She also told the world when she was released from the hospital at 4 am after being suicidal. She failed to mention I was the one who took her there when I knew it might lead to divorce, luckily the enabling psychiatrist determined that her meds were not working right. So I was off the hook.

Do most BPDs refuse to ask their peers their opinion.  I have often asked her to compare what I say with her peers, but she won't. She'll post on facebook that she was just released from the hospital for being suicidal, but she won't ask the teacher she's known years if her husband says this. 

It's like like she is hiding and dodging the truth. 

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« Reply #14 on: February 16, 2013, 09:18:05 AM »

She will say confrontational things and then when I react I am made out to be the bad guy.

I went through a lot of that. Eventually I came to understand it a bit--My wife would get angry about something. Her mom was an alcoholic who would rage horribly when she was drunk... .  and wasn't really safe when sober either. So she grew up knowing that she wasn't allowed to express her own anger. i eventually realized that what she would do was push my buttons until *I* would express anger (at her).

Then she could blame me for "yelling at her"... .  I bet you know the pattern

What I finally learned was that when she started pushing my buttons, I just had to get out of contact with her for a while. I knew that eventually I would blow up at her, and it wasn't something I wanted to do. I would leave her to her own devices. I usually go for a walk because it would allow me to calm down. Sometimes I would call a friend to talk while I was out walking. Other times I just get some exercise.

The other consequence was that my wife wouldn't get the release/distraction from her own angry feelings--If I yelled at her, she could turn it around and be the victim in her own mind, and didn't have to confront her own feelings of anger (or whatever she was feeling). If I left, she was left alone with whatever she was feeling. It wasn't very comfortable for her, I know... .  but ultimately it proved to be one thing that helped our relationship.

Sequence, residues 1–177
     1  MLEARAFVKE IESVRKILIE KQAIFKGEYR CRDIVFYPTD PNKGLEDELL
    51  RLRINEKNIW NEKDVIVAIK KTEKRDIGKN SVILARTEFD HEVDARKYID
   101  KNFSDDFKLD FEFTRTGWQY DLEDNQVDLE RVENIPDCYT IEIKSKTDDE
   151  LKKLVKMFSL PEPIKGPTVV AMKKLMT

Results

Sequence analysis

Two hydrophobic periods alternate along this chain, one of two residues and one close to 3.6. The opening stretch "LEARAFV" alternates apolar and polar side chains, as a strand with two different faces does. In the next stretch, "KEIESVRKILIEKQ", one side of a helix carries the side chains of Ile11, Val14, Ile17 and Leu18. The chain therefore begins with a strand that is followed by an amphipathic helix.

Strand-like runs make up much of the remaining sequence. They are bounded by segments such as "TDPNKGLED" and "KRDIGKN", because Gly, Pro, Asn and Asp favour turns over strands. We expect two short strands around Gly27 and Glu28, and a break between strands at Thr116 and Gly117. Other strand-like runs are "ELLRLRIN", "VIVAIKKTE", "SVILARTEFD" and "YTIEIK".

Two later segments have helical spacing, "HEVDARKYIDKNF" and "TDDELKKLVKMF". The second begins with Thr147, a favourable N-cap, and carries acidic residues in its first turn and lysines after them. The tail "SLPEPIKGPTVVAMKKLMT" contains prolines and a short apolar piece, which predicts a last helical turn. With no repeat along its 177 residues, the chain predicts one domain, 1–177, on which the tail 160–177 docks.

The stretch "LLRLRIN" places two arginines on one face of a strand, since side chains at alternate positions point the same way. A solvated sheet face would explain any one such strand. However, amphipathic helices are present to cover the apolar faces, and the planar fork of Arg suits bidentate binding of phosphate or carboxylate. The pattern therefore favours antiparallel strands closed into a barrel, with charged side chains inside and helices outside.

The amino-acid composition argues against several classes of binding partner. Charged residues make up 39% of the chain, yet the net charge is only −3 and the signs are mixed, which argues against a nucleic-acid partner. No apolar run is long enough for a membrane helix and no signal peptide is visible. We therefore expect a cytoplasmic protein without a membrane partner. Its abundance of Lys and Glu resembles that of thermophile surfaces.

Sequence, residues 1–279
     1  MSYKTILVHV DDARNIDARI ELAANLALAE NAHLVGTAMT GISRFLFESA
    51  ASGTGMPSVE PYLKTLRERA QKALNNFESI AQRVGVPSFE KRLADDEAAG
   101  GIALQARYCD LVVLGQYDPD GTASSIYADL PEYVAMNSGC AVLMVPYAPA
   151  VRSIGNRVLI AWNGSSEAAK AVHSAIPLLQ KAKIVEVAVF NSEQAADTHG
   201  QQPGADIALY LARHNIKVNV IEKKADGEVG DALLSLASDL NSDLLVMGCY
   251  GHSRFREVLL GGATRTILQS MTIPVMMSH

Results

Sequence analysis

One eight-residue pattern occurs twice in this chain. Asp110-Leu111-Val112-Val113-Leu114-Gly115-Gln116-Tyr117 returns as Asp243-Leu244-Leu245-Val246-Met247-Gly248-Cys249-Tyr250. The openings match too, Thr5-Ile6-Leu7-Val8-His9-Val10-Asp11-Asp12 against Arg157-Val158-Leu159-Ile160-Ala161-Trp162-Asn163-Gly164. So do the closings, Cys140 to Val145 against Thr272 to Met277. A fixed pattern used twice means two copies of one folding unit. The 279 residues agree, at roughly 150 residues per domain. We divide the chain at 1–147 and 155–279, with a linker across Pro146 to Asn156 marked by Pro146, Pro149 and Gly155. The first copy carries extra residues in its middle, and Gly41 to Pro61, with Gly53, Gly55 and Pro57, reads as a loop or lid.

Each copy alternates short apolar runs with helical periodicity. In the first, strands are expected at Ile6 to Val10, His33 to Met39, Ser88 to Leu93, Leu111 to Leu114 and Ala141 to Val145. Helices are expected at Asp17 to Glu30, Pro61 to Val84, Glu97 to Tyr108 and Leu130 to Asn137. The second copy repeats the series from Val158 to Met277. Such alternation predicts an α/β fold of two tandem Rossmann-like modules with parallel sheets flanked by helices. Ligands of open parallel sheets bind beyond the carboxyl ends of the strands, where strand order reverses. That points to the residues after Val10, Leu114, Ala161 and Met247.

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« Reply #15 on: February 16, 2013, 10:18:20 AM »

Not Perfect -- (good name, btw) -- back towards your start . . .

A little late into this, but yes -- very clear match on the Waif model, and I tend to use that term internally as it fits us very well.  More cynically, I use "Victim-for-Life."

We have a near same model as what you are describing in our house.   Have you read about the Kaufman Drama Triangle, as well?  It is a very important part of this game.  Three roles -- Vicitim, Rescuer, Prosecuter.  To get yourself out of this, you have to step off the triangle.

In our case, been together about 12 years, have three kids -- 10, 8, 5.  Momma/Mrs. Somewhere has pretty much been a Waif since we met.  Allways tries the Porcupine Cover -- that she is wantabe tough, and then retreats to Waif.  Pulls this on just about anyone she can.  Poor me this, poor me that.  :)id it on me for years, so I could play the other end of the game -- Rescue/Hero.  When that does/did not work for her, she would roll to the Petuant (Passive-Agressive) model.

Since Rehab (she is back about 70 days, now -- Eating Disorder), she was trying to do the Paint Me Black routines, on and off.  That is where you are placed in the other corner of the triangle as the Prosector -- gives them an extra reinforced Drama Triangle.  But I will no longer play any of the roles, have walked off the Fantasy Theater stage, and am just sitting in the audience.  She still tries the projector/projection games on me out in the audience . . . but I just sort of smile and wave from the balcony.

Like I say, things have been a little off-the-rails around here, too.  Re-hab took away her coping mechanisms.  What has really screwed things between us is because I got some real help for me.  On her side she is avoiding the BPD tag as she also has the formal education, like yours.  They really (really, really) do not want the stigma and self-responsibility that incurs.   In our case, she is a LMSW.  Heaven help the people they would help.

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« Reply #16 on: February 16, 2013, 10:47:32 AM »

I believe it's called the Karpman Drama Triangle. There are victim roles, but raising awareness around the roles we play on the triangle  (rescuer, persecutor, and yes... .  we spend time in victim, too... ) helps to change things.
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« Reply #17 on: February 16, 2013, 01:29:17 PM »